A nice collection of eight physiologies, one of the many such little books illustrative of ‘the craze that swept Paris in the early 1840s for a series of small illustrated volumes marketed under the general title of physiologies [looking back, perhaps, to Brillat-Savarin’s bestselling Physiologie du goût (1826) and Balzac’s Physiologie du marriage (1830)]. Some 120 different physiologies were issued by various Parisian publishers between 1840 and 1842 (ranging alphabetically from the Physiologie de l’amant to the Physiologie du voyageur), and it is estimated that approximately half a million copies of these pocket-sized books were printed during the same two-year span’ (Sieburth, p. 163).

    Designed for mass consumption, these satirical guides to particular social types were based on ‘the witty interaction of image and text, drawing and caption, seeing and reading … Byproducts of the recent technological advances in printing and paper manufacturing which had made illustrated books more commercially feasible and analogous to the various dioramas and panoramas which enjoyed a considerable popularity during the period, these illustrated anthologies of urban sites and mores catered to the public’s desire to see its social space as a stage or gallery whose intelligibility was guaranteed both by its visibility as image and its legibility as text …

    ‘Quickly produced and marketed, consumed and discarded, … the physiologies (like the sensational tabloids or canards hawked on Paris streetcorners of the period) are early instances of the cheap, throwaway “instant book” whose appeal lies in its very topicality and ephemerality’ (op. cit., pp. 165–7). Richard Sieburth, ‘Same difference: the French Physiologies, 1840–1842’, Notebooks in Cultural Analysis (Duke UP, 1984), pp. 163–200.

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  • Physiologie de l’étudiant … Vignettes de MM. Trimolet et Maurisset. by HUART, Louis. HUART, Louis. ~ Physiologie de l’étudiant … Vignettes de MM. Trimolet et Maurisset. Paris: Aubert et Cie … Lavigne … [1841].
    A satire on contemporary student life, one of the many such little books illustrative of ‘the craze that swept Paris in the early 1840s for… (more)

    A satire on contemporary student life, one of the many such little books illustrative of ‘the craze that swept Paris in the early 1840s for a series of small illustrated volumes marketed under the general title of physiologies [looking back, perhaps, to Brillat-Savarin’s bestselling Physiologie du goût (1826) and Balzac’s Physiologie du marriage (1830)]. Some 120 different physiologies were issued by various Parisian publishers between 1840 and 1842 (ranging alphabetically from the Physiologie de l’amant to the Physiologie du voyageur), and it is estimated that approximately half a million copies of these pocket-sized books were printed during the same two-year span’ (Sieburth, p. 163).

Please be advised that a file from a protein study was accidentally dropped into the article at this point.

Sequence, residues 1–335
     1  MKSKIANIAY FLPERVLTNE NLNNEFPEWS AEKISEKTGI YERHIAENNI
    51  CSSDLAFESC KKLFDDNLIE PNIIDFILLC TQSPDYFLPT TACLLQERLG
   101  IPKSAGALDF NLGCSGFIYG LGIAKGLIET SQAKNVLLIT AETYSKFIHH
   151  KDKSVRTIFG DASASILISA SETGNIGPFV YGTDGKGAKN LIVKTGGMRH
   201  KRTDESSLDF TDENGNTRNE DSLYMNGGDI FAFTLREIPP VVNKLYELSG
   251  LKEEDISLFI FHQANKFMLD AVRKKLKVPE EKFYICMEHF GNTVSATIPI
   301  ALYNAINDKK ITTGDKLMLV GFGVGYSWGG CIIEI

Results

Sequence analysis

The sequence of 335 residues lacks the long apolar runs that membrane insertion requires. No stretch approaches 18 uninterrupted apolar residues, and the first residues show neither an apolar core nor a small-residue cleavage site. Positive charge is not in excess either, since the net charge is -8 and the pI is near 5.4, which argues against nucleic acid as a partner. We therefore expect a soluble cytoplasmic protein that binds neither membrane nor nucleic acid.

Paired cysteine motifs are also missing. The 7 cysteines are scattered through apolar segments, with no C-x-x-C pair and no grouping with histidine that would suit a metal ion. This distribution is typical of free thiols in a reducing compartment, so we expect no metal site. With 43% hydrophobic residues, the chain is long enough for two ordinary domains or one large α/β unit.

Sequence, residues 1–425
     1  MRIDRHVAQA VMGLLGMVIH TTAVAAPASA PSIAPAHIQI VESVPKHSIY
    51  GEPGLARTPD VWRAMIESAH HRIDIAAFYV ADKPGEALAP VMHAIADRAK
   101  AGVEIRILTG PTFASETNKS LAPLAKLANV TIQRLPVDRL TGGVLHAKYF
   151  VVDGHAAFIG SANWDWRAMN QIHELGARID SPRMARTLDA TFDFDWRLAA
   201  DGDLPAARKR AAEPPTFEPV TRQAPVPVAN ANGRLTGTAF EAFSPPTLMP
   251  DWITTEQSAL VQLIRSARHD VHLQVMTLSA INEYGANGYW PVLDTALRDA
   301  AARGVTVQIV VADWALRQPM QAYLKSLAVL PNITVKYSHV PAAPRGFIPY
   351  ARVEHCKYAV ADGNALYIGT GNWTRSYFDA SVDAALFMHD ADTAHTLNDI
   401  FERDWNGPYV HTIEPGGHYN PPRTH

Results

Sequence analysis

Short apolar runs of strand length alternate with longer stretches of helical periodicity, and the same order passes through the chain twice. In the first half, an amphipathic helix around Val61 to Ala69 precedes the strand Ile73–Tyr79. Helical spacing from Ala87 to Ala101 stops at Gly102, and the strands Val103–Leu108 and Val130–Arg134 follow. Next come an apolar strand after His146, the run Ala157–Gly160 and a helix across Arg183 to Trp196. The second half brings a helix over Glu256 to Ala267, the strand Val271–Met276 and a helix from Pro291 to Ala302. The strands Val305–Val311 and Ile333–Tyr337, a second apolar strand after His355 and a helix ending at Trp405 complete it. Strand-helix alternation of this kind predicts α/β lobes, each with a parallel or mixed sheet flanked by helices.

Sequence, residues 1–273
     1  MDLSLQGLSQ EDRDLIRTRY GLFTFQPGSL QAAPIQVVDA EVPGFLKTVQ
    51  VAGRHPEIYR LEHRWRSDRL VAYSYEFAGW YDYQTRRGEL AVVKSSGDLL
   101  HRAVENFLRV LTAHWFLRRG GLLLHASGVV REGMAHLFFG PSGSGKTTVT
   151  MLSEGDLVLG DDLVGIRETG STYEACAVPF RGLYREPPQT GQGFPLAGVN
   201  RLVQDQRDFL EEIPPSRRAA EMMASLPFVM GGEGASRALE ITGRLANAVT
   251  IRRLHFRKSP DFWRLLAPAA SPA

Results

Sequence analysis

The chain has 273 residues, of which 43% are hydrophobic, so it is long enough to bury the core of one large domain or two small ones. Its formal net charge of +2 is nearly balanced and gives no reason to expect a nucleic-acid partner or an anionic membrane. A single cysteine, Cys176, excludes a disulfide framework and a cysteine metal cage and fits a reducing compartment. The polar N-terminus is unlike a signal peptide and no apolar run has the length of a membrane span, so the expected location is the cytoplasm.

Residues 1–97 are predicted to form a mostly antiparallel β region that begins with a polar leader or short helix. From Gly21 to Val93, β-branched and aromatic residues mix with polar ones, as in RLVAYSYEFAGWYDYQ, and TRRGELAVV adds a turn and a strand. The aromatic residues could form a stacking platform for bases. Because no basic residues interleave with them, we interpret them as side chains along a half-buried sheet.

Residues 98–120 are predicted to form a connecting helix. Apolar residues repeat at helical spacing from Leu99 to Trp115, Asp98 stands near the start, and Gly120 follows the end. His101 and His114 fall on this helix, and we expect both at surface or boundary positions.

Designed for mass consumption, these satirical guides to particular social types were based on ‘the witty interaction of image and text, drawing and caption, seeing and reading … Byproducts of the recent technological advances in printing and paper manufacturing which had made illustrated books more commercially feasible and analogous to the various dioramas and panoramas which enjoyed a considerable popularity during the period, these illustrated anthologies of urban sites and mores catered to the public’s desire to see its social space as a stage or gallery whose intelligibility was guaranteed both by its visibility as image and its legibility as text …

    ‘Quickly produced and marketed, consumed and discarded, … the physiologies (like the sensational tabloids or canards hawked on Paris streetcorners of the period) are early instances of the cheap, throwaway “instant book” whose appeal lies in its very topicality and ephemerality’ (op. cit., pp. 165–7). Richard Sieburth, ‘Same difference: the French Physiologies, 1840–1842’, Notebooks in Cultural Analysis (Duke UP, 1984), pp. 163–200.

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  • Physiologie du tailleur … Vignettes par Gavarni. by HUART, Louis. HUART, Louis. ~ Physiologie du tailleur … Vignettes par Gavarni. Paris, Aubert et Cie … Lavigne … [1841].
    A satire on contemporary fashion, one of the many such little books illustrative of ‘the craze that swept Paris in the early 1840s for a… (more)

    A satire on contemporary fashion, one of the many such little books illustrative of ‘the craze that swept Paris in the early 1840s for a series of small illustrated volumes marketed under the general title of physiologies [looking back, perhaps, to Brillat-Savarin’s bestselling Physiologie du goût (1826) and Balzac’s Physiologie du marriage (1830)]. Some 120 different physiologies were issued by various Parisian publishers between 1840 and 1842 (ranging alphabetically from the Physiologie de l’amant to the Physiologie du voyageur), and it is estimated that approximately half a million copies of these pocket-sized books were printed during the same two-year span’ (Sieburth, p. 163).

    Designed for mass consumption, these satirical guides to particular social types were based on ‘the witty interaction of image and text, drawing and caption, seeing and reading … Byproducts of the recent technological advances in printing and paper manufacturing which had made illustrated books more commercially feasible and analogous to the various dioramas and panoramas which enjoyed a considerable popularity during the period, these illustrated anthologies of urban sites and mores catered to the public’s desire to see its social space as a stage or gallery whose intelligibility was guaranteed both by its visibility as image and its legibility as text …